The peoples of Myanmar are presently struggling with three grave challenges: a coup, conflict and Covid-19. This new TNI briefing analyses how these three crises have unfolded, leading to health system collapse, a new cycle of humanitarian emergency and deepening political divisions within the country. Taking a narrative approach, the report focuses on the consequences of state failure, the impact of Covid-19 and the actions taken by different military, political and civil society actors during a time of national breakdown.
This report examines the history and trajectory of the concept of the blue economy and MSP. To gain a more detailed understanding of the characteristics of the blue economy at the country level, the report focusses on the ocean economy of Mauritius.
Extractivism, just like colonialism, comes in many different shapes and sizes. In the case of Western Sahara, it takes form in not only phosphate extraction, fishing, and sand and agricultural industries. Today, extractivism in Western Sahara is also sustained through renewable energy projects, partly used to ‘greenwash’ Morocco’s occupation of Western Sahara.
The demands for the rights of caretakers and the right to be taken care of cannot be looked at outside of the feminist agenda. The seminar will address the feminization of caretaking from a feminist and economic point of view, emphasizing the door that the Chilean constitutional process is opening.
A growing number of activists, academics, and others across the world are questioning orthodox models of development and their underlying premise of perpetual growth as a necessity for a thriving society. They provide a wide variety of conceptual alternatives to development and progress and different visions of what is needed to address the environmental, social, and economic crises.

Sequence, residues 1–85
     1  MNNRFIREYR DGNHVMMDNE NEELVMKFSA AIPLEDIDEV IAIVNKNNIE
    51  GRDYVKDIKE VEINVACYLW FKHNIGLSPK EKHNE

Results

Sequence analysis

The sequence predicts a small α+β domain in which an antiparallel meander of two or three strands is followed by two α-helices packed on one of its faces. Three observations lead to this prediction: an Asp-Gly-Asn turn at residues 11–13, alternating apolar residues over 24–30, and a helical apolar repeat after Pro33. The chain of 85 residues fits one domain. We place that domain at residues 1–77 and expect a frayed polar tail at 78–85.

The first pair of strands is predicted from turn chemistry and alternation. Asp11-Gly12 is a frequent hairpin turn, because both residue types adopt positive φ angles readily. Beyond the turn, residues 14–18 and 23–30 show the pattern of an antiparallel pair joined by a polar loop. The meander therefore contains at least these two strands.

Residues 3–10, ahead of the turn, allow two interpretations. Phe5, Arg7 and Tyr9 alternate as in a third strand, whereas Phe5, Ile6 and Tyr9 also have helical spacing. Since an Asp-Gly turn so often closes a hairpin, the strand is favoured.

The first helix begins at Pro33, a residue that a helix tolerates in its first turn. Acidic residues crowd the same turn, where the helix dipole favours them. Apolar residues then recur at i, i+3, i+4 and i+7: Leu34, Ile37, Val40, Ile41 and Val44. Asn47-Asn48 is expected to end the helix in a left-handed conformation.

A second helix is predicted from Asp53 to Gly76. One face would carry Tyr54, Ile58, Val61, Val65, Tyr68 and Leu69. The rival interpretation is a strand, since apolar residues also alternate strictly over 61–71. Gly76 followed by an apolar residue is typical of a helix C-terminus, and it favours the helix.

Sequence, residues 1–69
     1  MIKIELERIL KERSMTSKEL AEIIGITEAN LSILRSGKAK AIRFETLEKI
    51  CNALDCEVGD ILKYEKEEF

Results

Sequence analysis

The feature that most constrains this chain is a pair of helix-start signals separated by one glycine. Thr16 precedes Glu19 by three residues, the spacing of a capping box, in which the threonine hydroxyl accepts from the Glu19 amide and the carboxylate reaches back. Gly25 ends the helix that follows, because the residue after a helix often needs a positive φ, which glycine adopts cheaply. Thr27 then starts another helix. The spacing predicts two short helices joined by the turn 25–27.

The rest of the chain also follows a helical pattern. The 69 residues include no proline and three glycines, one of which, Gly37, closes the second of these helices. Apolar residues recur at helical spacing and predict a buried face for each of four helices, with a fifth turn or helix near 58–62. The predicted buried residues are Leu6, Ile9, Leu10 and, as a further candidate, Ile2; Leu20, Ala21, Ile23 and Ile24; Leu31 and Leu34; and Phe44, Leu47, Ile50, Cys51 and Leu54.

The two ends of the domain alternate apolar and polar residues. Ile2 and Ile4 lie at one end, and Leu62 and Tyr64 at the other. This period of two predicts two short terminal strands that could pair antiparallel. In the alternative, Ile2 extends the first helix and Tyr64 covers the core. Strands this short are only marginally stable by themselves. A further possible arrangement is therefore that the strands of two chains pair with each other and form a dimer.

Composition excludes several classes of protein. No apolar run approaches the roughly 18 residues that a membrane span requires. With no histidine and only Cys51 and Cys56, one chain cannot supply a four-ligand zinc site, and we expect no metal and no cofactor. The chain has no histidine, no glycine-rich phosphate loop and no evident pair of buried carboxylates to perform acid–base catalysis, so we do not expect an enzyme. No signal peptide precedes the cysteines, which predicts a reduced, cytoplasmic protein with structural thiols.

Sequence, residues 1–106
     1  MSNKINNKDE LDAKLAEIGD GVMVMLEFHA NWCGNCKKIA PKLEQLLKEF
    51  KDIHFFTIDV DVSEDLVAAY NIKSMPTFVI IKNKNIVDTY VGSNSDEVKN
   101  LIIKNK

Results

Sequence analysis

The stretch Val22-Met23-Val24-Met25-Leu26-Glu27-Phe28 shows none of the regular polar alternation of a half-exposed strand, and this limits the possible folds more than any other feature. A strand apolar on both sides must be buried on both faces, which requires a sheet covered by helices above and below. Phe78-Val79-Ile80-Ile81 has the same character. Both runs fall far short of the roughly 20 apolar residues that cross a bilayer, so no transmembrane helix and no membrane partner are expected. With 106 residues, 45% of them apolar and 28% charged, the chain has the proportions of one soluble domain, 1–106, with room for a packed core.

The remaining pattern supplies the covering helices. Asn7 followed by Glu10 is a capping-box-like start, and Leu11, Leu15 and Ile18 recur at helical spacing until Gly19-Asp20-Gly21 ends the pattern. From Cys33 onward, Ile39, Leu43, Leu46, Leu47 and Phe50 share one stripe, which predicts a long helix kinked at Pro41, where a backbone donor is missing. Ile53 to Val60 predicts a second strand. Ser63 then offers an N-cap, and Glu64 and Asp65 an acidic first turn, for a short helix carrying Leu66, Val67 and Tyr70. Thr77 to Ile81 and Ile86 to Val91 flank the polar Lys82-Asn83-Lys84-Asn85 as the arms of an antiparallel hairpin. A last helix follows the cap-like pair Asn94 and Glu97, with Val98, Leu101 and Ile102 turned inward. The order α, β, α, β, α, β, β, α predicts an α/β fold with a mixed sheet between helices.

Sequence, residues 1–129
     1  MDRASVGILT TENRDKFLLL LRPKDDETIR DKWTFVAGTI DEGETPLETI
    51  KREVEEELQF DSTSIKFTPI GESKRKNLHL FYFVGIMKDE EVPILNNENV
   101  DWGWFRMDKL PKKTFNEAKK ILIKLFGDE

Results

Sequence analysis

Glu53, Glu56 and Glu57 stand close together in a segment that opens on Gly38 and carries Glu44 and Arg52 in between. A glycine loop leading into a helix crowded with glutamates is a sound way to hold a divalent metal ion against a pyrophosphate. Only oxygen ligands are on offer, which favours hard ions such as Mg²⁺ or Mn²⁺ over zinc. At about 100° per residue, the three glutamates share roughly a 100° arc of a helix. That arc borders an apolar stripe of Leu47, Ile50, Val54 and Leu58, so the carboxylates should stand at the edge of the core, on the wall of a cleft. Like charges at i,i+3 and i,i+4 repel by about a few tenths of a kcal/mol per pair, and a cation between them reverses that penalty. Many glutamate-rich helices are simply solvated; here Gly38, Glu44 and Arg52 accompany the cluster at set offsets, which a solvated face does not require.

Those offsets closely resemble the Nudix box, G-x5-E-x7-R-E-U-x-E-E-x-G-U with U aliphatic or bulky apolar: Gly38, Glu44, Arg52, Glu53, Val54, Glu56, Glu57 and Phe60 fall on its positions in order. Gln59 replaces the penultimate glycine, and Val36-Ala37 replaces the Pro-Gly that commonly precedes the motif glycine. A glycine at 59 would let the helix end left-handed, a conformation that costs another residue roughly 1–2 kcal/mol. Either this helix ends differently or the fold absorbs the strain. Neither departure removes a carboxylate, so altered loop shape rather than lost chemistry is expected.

In recent years, Free Trade Agreements (FTAs) have started to include rules for the digital economy as a result of pressure from Big Tech. These trade measures are potentially damaging to a country’s possibilities of digital industrialisation, permanently locking in advantages for the richest nations. This summary analyses the most important points being negotiated by Indonesia with the European Union and RCEP.
In the 2020 general election, the Mon Unity Party made a strong showing, encouraging hopes of a political breakthrough. These were abruptly ended by the February coup of the State Administration Council. Since this time, Mon politics have become divided. Amidst countrywide breakdown, some leaders have accepted cooperation with the SAC, others declare support for the opposition National Unity Government, while others urge caution for the Mon people. Kun Wood analyses the dilemmas facing the Mon movement, explaining why lessons from history need to be learned.
In the 2020 general election, the Mon Unity Party made a strong showing, encouraging hopes of a political breakthrough. These were abruptly ended by the February coup of the State Administration Council. Since this time, Mon politics have become divided. Amidst countrywide breakdown, some leaders have accepted cooperation with the SAC, others declare support for the opposition National Unity Government, while others urge caution for the Mon people. Min Naing Soon analyses the dilemmas facing the Mon movement, explaining why lessons from history need to be learned.